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Temporal calling patterns of seven anuran species in southern Ontario

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Title: Temporal calling patterns of seven anuran species in southern Ontario
Author: Melanie, Allard
Department: Department of Geography
Program: Geography
Advisor: Bennett, Lorne
Abstract: Globally, anurans have experienced significant declines and reliable monitoring protocols are required to track population trends. This thesis compares the effectiveness of manual call surveys (MCS) and automated recording systems (ARS) and describes the calling profiles of seven anuran species in southern Ontario. Using detailed audio recordings, we identify the seasonal and hourly calling patterns of seven anuran species at Warwick and Silver Creek Conservation Areas in the Credit River watershed. We employ descriptive and graphical methods to establish calling profiles. Given the low detection rate of American toads, grey treefrogs and northern leopard frogs, a survey protocol comprised of 9 weekly site visits are recommended in May and June. The optimal time of day for detecting the greatest abundance and species richness is 23h30 whereas optimal survey duration varies with hour and season given the target species. Climatic variables may induce or inhibit call activity and until the extent of these variables can be established, protocol guidelines should implement longer and more frequent site visits. The urgency of this revision is exacerbated for commercial surveys used to make contentious land management decisions.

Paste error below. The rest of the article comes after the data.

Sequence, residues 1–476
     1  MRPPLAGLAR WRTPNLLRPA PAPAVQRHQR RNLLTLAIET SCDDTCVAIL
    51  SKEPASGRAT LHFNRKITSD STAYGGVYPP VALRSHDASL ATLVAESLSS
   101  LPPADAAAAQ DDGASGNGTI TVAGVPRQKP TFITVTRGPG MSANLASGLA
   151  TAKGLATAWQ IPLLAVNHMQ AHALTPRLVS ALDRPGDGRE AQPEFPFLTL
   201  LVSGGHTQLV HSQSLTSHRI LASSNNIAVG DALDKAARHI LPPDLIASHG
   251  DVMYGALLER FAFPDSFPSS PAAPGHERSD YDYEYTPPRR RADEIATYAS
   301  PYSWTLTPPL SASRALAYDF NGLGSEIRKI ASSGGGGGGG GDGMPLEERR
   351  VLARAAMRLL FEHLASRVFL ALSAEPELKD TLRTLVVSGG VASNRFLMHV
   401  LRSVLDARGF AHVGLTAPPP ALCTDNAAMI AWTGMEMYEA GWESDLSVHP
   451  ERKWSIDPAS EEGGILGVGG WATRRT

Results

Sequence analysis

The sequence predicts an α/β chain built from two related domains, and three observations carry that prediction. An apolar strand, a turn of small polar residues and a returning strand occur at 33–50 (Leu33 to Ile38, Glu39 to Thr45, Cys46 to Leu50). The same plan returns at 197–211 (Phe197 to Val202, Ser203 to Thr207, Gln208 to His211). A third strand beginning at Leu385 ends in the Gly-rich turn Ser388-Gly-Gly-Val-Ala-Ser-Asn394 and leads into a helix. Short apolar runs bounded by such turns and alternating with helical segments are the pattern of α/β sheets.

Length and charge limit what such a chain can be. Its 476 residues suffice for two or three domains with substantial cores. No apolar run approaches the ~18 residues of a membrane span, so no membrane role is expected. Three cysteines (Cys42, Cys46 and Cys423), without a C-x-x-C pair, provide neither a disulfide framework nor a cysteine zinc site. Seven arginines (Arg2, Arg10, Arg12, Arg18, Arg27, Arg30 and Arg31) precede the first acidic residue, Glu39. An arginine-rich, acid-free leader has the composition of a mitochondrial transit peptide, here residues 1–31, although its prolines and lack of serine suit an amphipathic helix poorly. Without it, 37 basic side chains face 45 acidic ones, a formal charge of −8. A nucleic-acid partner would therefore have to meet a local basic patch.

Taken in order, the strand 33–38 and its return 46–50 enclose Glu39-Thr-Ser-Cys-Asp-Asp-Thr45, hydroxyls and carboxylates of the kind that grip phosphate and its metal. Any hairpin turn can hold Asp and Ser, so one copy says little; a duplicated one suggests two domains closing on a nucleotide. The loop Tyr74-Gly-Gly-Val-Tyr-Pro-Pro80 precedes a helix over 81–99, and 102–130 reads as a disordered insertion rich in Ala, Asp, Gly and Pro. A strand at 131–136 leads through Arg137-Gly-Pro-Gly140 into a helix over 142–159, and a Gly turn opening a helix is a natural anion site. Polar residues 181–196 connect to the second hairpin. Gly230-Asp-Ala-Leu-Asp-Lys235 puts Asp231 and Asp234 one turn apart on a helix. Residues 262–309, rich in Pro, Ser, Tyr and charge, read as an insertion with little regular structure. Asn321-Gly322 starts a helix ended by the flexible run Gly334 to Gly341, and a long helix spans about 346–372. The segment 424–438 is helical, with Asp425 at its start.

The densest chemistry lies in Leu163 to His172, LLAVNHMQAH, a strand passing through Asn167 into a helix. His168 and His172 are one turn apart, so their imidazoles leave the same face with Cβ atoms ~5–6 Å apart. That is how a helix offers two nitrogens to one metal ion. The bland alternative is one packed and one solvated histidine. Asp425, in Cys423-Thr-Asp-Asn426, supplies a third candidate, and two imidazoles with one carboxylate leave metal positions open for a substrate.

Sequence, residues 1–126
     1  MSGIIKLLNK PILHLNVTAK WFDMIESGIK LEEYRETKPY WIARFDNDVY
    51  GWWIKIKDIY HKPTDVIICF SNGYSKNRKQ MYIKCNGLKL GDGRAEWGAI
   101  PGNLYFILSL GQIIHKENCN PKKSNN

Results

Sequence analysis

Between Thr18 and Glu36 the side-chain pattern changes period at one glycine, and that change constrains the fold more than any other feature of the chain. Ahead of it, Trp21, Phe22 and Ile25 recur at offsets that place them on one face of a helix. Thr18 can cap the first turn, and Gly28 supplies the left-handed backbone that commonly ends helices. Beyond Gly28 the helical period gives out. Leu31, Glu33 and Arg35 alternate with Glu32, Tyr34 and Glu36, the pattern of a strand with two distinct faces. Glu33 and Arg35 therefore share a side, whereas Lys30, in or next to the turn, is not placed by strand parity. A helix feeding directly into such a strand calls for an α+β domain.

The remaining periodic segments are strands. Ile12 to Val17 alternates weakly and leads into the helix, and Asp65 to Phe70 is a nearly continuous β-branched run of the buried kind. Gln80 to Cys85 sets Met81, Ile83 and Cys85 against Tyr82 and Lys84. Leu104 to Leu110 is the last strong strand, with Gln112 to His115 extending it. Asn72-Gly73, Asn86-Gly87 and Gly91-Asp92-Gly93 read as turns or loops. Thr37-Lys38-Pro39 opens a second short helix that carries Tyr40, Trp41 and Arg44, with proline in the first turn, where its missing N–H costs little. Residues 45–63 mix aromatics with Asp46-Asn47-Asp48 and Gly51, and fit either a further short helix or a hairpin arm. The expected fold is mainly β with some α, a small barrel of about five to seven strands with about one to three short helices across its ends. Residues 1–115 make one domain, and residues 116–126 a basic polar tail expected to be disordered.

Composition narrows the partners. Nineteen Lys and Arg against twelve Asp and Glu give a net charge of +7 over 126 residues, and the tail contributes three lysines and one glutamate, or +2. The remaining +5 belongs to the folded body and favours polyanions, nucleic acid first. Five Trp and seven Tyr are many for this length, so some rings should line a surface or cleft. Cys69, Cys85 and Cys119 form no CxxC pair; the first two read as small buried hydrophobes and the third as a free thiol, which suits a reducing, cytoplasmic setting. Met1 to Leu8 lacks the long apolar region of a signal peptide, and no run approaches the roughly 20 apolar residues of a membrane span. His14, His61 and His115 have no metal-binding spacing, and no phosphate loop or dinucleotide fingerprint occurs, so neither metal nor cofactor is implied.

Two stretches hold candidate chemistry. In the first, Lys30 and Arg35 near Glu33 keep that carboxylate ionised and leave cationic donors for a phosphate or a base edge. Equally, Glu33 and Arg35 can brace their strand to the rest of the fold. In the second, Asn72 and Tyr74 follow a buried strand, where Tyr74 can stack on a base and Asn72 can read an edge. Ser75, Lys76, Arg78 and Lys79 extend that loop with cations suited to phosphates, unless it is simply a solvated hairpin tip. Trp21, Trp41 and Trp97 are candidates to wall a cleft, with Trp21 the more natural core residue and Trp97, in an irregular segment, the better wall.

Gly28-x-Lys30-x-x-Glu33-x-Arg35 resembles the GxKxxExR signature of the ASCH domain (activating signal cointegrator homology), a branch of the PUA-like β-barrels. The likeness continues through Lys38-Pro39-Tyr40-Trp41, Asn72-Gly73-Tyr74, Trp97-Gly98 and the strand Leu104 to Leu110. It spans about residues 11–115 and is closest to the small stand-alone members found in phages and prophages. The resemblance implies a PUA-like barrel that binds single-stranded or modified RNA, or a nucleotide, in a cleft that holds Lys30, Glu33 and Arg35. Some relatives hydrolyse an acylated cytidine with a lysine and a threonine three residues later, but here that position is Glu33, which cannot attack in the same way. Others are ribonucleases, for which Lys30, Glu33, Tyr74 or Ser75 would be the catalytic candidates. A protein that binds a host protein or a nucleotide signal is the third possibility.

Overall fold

Date: 2012-12
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